Normally, you’d think to shoot with Auto Focus turned on, but for the best results I would recommend shooting in Manual Focus. This gives you more control and will remove any focus hunting during your shot. You can also use the focus to draw the viewer’s attention to a feature of the property, for example a centrepiece in a room or a floating island in the kitchen. In terms of aperture values, I’d recommend sticking to around f/4 – f/5.6. This allows you to have more of the shot in focus while still showing the surrounding areas. Of course, you can still use f/2.8 if you feel this suits your shot!
ISO can be tricky for some, and will depend on your scene and how much available light there is. Stick between your camera’s native ISO and up to ISO 2000, as going beyond this range will result in noisier and less usable footage. There are some noise reduction plugins and software available, but it’s best to do it right in-camera first. You don’t want to ‘fix it in post’.
The general rule of thumb is that you want to keep your shutter speed double your frame rate. So, if you are shooting in 60fps, your shutter speed will be 1/125. If you are shooting in 30p or 25p then your shutter speed will be 1/60 or 1/50.
Lastly, you want to shoot in the highest quality possible. 4k is best, but HD 1080p will also do.
A camera gimbal is crucial when shooting Real Estate video, and I recommend two models for this: the Weebill S and Weebill 2, both from Zhiyun Tech. The Weebill S is an older gimbal, but with a load capacity of approximately two to three kilograms, it will be enough for most of your camera and lens combinations (especially for those of you who use APS-C cameras).
The Weebill 2 is Zhiyun Tech’s newest gimbal, and the successor to the Weebill S. It features a higher payload, as well as a built-in LCD screen and a sling grip handle. Having the screen is a huge bonus as you no longer need to attach a monitor to your setup, and the sling grip adds stability and the possibility of low-angle and underslung shots.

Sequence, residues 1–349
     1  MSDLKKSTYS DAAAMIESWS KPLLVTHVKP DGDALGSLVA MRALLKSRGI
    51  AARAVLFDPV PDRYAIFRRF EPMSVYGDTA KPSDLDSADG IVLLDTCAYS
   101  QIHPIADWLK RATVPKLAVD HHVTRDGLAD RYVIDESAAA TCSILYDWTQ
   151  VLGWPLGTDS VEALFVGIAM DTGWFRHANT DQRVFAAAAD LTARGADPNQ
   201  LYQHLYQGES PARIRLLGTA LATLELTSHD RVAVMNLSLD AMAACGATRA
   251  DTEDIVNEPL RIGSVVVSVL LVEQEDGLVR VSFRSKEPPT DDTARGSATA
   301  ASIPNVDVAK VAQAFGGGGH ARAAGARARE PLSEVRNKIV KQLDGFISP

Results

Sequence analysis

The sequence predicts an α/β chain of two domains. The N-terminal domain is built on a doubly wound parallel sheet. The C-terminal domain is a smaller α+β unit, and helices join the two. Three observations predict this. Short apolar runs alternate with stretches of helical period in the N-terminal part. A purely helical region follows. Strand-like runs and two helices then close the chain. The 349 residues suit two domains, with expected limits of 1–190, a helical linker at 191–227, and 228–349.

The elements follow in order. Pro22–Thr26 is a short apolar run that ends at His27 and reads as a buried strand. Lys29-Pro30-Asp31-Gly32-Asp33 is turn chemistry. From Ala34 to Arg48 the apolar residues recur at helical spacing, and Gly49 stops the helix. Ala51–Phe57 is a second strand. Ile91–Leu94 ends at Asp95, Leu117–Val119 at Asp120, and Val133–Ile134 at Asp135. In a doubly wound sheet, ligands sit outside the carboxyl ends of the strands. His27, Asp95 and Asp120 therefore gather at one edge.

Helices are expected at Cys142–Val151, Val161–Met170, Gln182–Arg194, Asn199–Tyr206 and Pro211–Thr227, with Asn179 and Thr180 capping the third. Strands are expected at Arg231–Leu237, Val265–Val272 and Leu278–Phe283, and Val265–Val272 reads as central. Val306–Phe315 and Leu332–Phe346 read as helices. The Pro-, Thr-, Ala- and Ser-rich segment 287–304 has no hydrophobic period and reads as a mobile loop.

A lot of successful Real Estate videos have the agent doing a piece-to-camera, or even walking the viewer through the property. Lapel mics are the best solution for talking to the camera as they are both small and discrete, and allow you to get close to the speaker’s mouth. Go for wireless options if possible – you don’t want to have to deal with cables on set. Trust me, they’re a pain!
My recommendation i
s to go for a 2-to-1 system rather than a 1-to-1. This will give you the option of having a second speaker in the case that the agent wants to film a conversation. Your first option would be the Rode Wireless Go II. This comes with two wireless transmitters with built-in mics and one receiver. You can also buy a kit that comes with two lapel mics to plug into your wireless transmitters. This is a more subtle option as you can hide the bulkier transmitter in a pocket. Option 2 will be the Saramonic Blink500 Pro B2 kit. This also comes with two wireless transmitters and a single receiver, but includes the lapel mics and comes with a cool little case that doubles as a charger. It’s super practical!
For Real Estate video you normally would use the ambient and in-house lights to show the full features of a property. If you wanted to add a bit of extra boost for interviews or add a fill light, look to the Aputure Amaran F7. This is a great on-camera light that can also be used off to the side as a fill light. It’s small and portable, and still powerful enough to be used in most indoor scenarios.
There you have it, your complete guide to shooting Real Estate Video. Part 1 offers you the tips and tricks to using your gear, and in Part 2 we’ve discussed the recommended setups and settings. So what are you waiting for? Go make some content! (And remember to like and subscribe for more tips and tricks to up your photography and videography game!)
Written by: Matthew Lewis, sales rep at Photogear Ponsonby